Initial examination:
Initial tests include an overall check of machine's condition, including drives, ports, cables, connectors, hardware and software. Further analysis may include more extensive diagnostics, especially if issue is intermittent. An estimate for repairs will be provided as soon as specific problem(s) are identified.

If machine checks out but drive does not - which is not unusual as ALL drives fail eventually - then our focus shifts to data recovery. If you have a current backup, we can usually get you up and running in no time, depending on replacement drive availability; some solid-state-drive-equipped machines require a specific type of SSD that will have to be ordered. (And, yes, SSDs can also fail.)

Photos, letters, music, videos, docs, email, projects large and small - known as "target data" - these are one-off files that exist nowhere else. They can represent years of work that might be lost forever. We first attempt to recover ALL data in hopes of restoring a complete startup volume, but if that's not possible and we're forced to limit recovery to target data, the process becomes much more complicated.
In either case, recovery requires a proper drive prepped to receive data. This is best done immediately, as sometimes there is no second chance.

If an nCity shop volume is used for recovery purposes, you'll be given the option of reimbursing the shop for this volume and taking possession of it, or see your data erased
(overwritten) from our shop drive after its use. If we cannot recover your data we will know in short order and discuss other options for data recovery with you.

Extended machine analysis:
Other failures may prevent startup or operation too, and some can mimic drive issues. Tracking down computer problems may be as simple as a reset or an update, or it may require testing machine's output, ports, power management, buses, connectors, cooling or other components.

Software tests may involve OS operation and errors,
data structures, settings, drivers, etc. We'll discuss upgrades, System prefs and specs as necessary, check account and security settings and permissions, if indicated.

We will need your login password (or your presence) in most cases.


Services
may include copy, scan and/or repair processes that can take a very long time to execute with precision (often run overnight). Larger volumes = longer times. Time charges apply to supervision and monitoring as necessary, but not to unsupervised run time.

A given system's size, age and hardware/software configuration dictates selection of tools used in troubleshooting. Initial diagnostics are virtually guaranteed to find and fix a variety of minor errors, and any serious irregularities should be quite apparent. Regular maintenance is always a good idea, and an occasional checkup doesn't hurt.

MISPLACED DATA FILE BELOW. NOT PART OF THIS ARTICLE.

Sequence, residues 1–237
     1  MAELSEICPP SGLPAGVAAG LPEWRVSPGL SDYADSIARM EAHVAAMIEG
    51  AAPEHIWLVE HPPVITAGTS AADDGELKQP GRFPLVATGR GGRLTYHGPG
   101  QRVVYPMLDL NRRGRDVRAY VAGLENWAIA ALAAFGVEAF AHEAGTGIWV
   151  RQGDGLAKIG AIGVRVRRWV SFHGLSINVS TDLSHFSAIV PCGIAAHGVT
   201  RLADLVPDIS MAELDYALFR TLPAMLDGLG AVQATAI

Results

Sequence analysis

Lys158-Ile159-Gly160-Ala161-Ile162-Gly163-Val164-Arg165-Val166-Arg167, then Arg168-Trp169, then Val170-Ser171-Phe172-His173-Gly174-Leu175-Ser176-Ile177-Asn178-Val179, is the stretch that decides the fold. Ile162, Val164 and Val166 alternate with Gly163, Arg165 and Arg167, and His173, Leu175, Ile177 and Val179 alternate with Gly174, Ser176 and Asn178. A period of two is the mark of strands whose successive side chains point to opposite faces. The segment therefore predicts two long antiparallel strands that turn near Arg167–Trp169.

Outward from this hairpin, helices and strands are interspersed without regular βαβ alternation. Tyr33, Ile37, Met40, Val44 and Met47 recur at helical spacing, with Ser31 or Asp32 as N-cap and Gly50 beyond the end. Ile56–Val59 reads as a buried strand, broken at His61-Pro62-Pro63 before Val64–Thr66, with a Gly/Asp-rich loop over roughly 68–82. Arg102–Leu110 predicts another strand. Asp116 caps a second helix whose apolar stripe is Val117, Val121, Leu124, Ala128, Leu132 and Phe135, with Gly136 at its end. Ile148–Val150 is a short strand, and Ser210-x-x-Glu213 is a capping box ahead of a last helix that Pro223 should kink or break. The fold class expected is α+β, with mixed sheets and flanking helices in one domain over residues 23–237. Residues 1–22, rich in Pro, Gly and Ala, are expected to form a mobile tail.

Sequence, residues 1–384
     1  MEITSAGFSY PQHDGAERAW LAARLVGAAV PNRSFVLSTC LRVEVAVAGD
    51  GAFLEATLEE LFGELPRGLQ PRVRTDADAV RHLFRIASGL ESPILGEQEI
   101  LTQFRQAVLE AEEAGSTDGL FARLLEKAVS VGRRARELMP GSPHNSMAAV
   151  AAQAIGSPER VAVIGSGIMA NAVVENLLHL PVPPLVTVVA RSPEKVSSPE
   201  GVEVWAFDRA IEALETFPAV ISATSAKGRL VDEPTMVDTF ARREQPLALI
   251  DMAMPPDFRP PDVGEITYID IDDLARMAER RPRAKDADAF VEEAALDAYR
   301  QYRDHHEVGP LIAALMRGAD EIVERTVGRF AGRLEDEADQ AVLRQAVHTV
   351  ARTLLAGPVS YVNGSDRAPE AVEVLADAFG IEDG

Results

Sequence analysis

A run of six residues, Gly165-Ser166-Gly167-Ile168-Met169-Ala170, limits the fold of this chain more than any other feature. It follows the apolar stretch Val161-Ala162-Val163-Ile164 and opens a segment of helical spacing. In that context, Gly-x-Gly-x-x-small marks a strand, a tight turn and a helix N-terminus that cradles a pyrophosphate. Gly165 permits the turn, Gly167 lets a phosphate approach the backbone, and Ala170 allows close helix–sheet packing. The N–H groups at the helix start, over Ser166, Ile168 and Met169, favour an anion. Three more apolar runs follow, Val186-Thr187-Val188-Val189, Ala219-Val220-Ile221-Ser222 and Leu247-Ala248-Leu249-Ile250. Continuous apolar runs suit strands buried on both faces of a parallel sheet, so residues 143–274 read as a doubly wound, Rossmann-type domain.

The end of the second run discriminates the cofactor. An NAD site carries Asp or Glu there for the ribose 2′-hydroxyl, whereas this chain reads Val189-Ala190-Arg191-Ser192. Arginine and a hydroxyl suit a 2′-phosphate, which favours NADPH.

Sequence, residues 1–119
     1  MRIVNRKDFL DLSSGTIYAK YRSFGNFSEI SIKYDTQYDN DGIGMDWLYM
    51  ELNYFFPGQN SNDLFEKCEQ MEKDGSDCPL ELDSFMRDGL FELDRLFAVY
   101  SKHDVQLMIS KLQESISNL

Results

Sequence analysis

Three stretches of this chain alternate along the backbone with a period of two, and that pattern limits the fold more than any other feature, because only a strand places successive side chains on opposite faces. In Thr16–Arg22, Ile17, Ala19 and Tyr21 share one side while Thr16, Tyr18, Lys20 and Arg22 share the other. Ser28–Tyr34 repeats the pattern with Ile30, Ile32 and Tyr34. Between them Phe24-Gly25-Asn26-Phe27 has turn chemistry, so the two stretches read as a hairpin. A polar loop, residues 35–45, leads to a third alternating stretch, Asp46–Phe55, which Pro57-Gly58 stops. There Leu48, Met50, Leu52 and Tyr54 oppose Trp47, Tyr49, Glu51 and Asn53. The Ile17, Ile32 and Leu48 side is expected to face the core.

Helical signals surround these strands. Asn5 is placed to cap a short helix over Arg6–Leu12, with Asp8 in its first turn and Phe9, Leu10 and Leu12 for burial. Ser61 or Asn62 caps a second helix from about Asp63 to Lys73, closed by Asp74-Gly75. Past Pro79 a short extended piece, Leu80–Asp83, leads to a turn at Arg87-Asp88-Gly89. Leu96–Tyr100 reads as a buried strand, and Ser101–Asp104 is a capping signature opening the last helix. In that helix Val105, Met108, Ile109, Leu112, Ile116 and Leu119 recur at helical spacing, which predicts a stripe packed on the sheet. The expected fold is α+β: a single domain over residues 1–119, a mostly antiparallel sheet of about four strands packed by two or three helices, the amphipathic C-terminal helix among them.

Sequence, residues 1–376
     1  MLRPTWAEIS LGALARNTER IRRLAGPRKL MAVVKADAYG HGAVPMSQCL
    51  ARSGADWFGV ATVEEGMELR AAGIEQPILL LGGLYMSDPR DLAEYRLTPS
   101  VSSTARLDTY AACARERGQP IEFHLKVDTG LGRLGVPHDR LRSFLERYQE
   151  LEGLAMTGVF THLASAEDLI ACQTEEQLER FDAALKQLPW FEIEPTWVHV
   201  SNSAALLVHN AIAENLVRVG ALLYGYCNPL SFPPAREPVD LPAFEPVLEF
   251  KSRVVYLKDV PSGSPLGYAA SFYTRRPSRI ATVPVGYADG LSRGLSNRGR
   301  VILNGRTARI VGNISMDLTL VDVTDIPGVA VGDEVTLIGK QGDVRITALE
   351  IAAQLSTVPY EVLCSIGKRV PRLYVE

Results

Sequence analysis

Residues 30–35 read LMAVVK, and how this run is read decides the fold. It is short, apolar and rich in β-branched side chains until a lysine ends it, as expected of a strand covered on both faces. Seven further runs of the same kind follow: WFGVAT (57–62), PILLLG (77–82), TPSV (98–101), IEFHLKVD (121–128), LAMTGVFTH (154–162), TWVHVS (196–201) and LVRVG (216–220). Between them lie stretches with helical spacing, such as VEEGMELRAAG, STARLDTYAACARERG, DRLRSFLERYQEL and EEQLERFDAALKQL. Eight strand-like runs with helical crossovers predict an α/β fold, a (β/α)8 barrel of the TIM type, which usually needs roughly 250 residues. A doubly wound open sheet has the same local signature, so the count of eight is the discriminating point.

Specific diagnostics:
This entails a more focused look at errors unearthed and problems encountered in testing. In the event of a failed drive, a replacement should be configured and installed, and the process may then move to data recovery. Other hardware faults typically point to replacement of a subassembly. Operational (software) errors and issues are a far more common complaint than hardware failures and comprise the bulk of analysis and test activity.

Problems, of course, range from temporary to terminal; we try to be more than reasonable in both extremes where a quick adjustment is all that's needed, or in the case of catastrophic failure when all we can do is dispense bad news. For the vast majority of cases in between, a diagnosis is required and an estimate for corrective measures will be presented. Various options may be suggested for client's consideration before proceeding. Policies regarding data recovery and privacy are posted, and we do ask that clients read and understand this information as it pertains to the problem at hand.







Physical damage, mechanical failure
Attempting to rescue information from a crashed or damaged drive can be a long and complicated endeavor, and there are no guarantees when trying to recover data. We will try every avenue at our disposal, but attempting data recovery comes with a price tag whether the attempt produces useful data or not. Prior to recovery from a mounted drive, we have no idea if a block of data contains intact files or corrupt gibberish - recovery process is the same in either case. Success can only be evaluated after recovery.

On the other hand, if drive failure prevents data access or recovery, we'll know in short order. In that case, clients will be referred to the legendary heroes at DriveSavers.

The process
Be prepared for some down time. Bring your computer to our shop - leave all cables and peripherals at home - and we'll see if we can get it up and running. This allows us to eliminate computer issues that might mimic a drive failure.
  • Mechanical failure is the first determination. If the drive passes mechanical tests and mounts, data recovery can usually proceed in-house.
  • Bare drives require a compatible host machine and/or bridgeboard to allow access. Shop minimum charge applies, even if you "just wanna see if it still works."